PeteR mAcfarlane Peter’s our lightweight expert, and he can give you all the advice you need about saving weight on the hill.
Ask us a question! If you’ve got a question about hill-walking. Get in touch and ask our team. Post your queries to: Ask Trail, Trail, Bauer, Media House, Lynch Wood, Peterborough PE2 6EA. Even better, email us: email@example.com and put ‘Ask Trail’ in the subject box. (Sorry, but we can only answer the questions that appear in the magazine.)
50 Trail april 2012
your problems solved by our hillwalking experts
Is a 2-person tent Q
I’m considering purchasing a tent for solo backpacking, and wondered if your team could give me some advice. Many people say it is best to get a lightweight two-person tent as they allow more room for yourself and your equipment. What do you think? Clive Bontoft, via email
Well spotted, Clive. Not all one- or two-person tents are the same size, and often it is the porch that is reduced in efforts to save weight and packed size in your rucksack.
This is particularly difficult in winter, as the weather often prevents you from sitting outside and leaving your gear to bask in the alpenglow of a glorious sunset. Instead, wind, snow and rain will force you and your gear under cover, making a good-sized porch vital for moving around, cooking, storing gear and wet boots, and generally living more comfortably. One-person tents that have very small porches include the Terra Nova Laser Photon and the Vaude Power Tokee Ultralight. Though easy to transport, they’re not ideal for winter camping. One-person tents that have large porches include the GoLite Eden 1, Macpac Microlight, Wild Country Aspect 1 and Hilleberg
your questions answered
A two-person tent with a decent porch can be a good choice for a solo backpacker.
Translating British maps
As an American who has recently moved to the UK, I often have trouble understanding the names of features on local maps. Is there a good glossary I could use? Anna Redmond, East Kilbride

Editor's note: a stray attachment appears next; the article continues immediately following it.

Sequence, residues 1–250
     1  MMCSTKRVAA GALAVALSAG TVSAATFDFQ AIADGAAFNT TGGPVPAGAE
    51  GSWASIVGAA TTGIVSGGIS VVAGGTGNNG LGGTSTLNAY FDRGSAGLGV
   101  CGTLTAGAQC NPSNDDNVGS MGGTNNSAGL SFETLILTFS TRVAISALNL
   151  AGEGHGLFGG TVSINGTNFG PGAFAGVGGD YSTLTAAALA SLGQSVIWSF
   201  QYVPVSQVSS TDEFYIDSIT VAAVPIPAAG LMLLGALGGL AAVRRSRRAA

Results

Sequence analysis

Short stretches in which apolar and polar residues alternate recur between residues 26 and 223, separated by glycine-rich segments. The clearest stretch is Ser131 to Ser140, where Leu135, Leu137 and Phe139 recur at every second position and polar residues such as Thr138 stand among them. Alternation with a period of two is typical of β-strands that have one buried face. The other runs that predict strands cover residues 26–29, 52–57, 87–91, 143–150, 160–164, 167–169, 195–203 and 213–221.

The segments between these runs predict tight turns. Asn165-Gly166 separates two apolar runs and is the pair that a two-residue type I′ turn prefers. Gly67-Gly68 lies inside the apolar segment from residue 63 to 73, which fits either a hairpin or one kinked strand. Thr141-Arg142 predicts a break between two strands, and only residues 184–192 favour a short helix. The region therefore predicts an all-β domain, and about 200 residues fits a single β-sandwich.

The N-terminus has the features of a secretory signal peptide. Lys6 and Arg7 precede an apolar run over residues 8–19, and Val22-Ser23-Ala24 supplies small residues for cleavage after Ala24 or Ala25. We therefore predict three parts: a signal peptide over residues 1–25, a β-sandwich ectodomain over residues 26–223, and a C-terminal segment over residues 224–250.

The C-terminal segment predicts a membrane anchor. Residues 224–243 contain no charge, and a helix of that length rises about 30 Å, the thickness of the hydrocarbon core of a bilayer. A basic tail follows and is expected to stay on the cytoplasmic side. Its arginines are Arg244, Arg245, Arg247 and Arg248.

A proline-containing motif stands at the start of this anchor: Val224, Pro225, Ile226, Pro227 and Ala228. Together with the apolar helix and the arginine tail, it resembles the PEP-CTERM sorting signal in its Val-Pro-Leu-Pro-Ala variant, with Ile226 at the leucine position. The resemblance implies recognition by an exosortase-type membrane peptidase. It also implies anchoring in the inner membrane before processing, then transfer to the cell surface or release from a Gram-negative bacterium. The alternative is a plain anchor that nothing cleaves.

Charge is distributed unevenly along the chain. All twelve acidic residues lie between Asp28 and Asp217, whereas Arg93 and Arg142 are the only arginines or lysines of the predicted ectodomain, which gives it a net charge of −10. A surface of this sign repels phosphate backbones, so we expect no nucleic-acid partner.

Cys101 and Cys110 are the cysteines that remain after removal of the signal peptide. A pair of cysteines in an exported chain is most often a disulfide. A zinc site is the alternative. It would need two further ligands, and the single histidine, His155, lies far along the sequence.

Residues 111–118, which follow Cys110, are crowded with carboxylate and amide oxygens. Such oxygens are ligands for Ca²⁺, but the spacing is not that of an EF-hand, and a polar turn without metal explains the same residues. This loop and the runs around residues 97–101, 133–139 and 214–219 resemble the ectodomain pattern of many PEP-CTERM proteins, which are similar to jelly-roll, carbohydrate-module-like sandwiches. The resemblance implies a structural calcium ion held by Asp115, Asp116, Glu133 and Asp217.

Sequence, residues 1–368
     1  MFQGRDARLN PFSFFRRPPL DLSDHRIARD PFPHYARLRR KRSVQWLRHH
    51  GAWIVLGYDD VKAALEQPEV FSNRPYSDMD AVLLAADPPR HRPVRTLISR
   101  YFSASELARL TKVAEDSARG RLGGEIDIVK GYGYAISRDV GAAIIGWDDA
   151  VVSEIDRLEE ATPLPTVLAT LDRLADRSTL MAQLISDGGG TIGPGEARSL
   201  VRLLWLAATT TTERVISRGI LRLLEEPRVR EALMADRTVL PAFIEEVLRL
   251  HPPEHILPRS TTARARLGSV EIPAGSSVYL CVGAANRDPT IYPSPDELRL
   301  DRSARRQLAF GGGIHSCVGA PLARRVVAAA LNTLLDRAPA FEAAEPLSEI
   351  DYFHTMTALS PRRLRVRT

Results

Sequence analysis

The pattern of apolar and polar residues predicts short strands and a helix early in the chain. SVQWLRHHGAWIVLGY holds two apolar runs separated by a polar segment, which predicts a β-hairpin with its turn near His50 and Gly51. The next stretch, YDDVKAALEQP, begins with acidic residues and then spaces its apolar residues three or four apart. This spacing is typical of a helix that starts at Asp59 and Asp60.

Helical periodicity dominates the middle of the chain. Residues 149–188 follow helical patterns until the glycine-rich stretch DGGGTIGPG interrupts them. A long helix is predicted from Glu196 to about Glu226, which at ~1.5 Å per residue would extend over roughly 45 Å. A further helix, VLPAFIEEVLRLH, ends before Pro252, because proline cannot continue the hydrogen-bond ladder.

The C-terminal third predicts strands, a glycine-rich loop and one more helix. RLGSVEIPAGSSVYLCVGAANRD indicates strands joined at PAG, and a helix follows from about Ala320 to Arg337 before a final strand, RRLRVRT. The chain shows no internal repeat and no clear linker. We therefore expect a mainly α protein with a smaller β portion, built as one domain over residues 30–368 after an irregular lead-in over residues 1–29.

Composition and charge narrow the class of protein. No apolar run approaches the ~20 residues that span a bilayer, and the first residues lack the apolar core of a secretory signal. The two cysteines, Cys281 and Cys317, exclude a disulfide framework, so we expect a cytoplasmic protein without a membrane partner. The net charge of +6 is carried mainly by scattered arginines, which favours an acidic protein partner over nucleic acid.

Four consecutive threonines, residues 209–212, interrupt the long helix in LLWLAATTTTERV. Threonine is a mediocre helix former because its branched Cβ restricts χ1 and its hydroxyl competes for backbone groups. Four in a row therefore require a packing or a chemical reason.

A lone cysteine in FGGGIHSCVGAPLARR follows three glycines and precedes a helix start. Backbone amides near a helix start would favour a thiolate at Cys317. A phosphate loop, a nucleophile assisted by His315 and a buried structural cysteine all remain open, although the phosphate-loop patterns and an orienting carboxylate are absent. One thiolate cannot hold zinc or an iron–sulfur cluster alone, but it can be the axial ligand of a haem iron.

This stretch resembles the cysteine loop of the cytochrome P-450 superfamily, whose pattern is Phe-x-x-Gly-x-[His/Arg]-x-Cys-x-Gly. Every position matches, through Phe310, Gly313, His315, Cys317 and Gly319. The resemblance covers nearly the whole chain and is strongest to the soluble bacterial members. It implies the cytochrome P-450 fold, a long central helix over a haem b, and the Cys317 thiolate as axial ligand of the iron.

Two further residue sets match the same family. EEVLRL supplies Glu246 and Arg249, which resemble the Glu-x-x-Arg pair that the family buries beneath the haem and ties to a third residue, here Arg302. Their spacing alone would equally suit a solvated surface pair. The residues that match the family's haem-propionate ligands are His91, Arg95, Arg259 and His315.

You’ll be pleased to hear you’re not alone, buddy. The ancient tongues of Welsh and Scottish Gaelic are, sadly, not as widely spoken as they once were, though both are currently undergoing strong revivals. According to the last census for which data is available,
Welsh now boasts more than 750,000 native speakers, while Scottish Gaelic is spoken in varying degrees by just over 58,000 souls (though a number of researchers claim the figure lies closer to 100,000). For practical purposes, there are only so many landscape features bearing non-English names, and learning them all isn’t an overwhelming task. It’s tremendously satisfying too. Below is Trail’s guide to some key terms you’ll see on the UK’s OS maps. Some useful online Welsh/Scottish dictionaries include: www.freelang.net, www.cs.cf.ac.uk, www.ceantar.org
Scotland carn mullach /barra beinn / ben coire
Wales carnedd pen mynydd cwm
bealach / lairig mór beag monadh
bwlch fawr fach Welsh ranges tend to be named as plurals of the main mountains, eg Glyderau, Carneddau bryn cwm coed morfa llyn nant afon aber
cnoc /cnap /tulach glen coille aonach lochan loch burn / allt sruth firth
England cairn (stone heap, often on summit) summit hill or mountain corrie (steep-walled semicircular basin in a mountainside, usually containing a lake) pass (or col, a borrowed French term) major (of two peaks) minor (of two peaks) range small hill valley forest moor tarn (small lake) lake stream, brook river estuary
april 2012 Trail 51
Akto. These are better suited to winter camping. As you suggest, many solo campers choose two-person tents as they provide even more space. Thus, two-person tents such as the Vaude Taurus Ultralight are popular with lone backpackers. Alternatives such as the Wild Country Trisar and Terra Nova Voyager Superlite offer large porches, roomy inner space and geodesic construction, which makes them comfortable with full winter gear, as well as strong and stable in winter weather. Equally, a two-person tent such as the Vango Banshee 200 (which has a very modest porch) is also popular as it has a large inner that provides muchneeded gear storage space inside the tent.
Clogwyn is Welsh for ‘cliff’. Which may be seen as ‘creag’ on a Scottish map...
group test Now is not the time to discover that the boots you bought arenâ€™t up to the job!
72 Trail april 2012
scrambling boots what we tested Mammut Mt Centry GTX Garmont Vetta Mnt GTX AKU SL Trek GTX Scarpa Cristallo Zamberlan Monster GTX La Sportiva Trango S Evo GTX
£180 £190 £200 £200 £200 £235
Scrambling boots Balancing on small holds, jamming in cracks, or delicately negotiating knife-edge arêtes while also being able to deal with long approaches: we ask a lot of scrambling boots. Trail looks at the latest offerings...
Test Jeremy Ashcroft Photographs Tom Bailey and Graham Thompson
APRIL 2012 Trail 73
Gaiters To keep mud and water out of your boots and stop bracken from trashing your trousers, you need to choose the right gaiters for your kind of walking. Test Graham Thompson Photographs Tom Bailey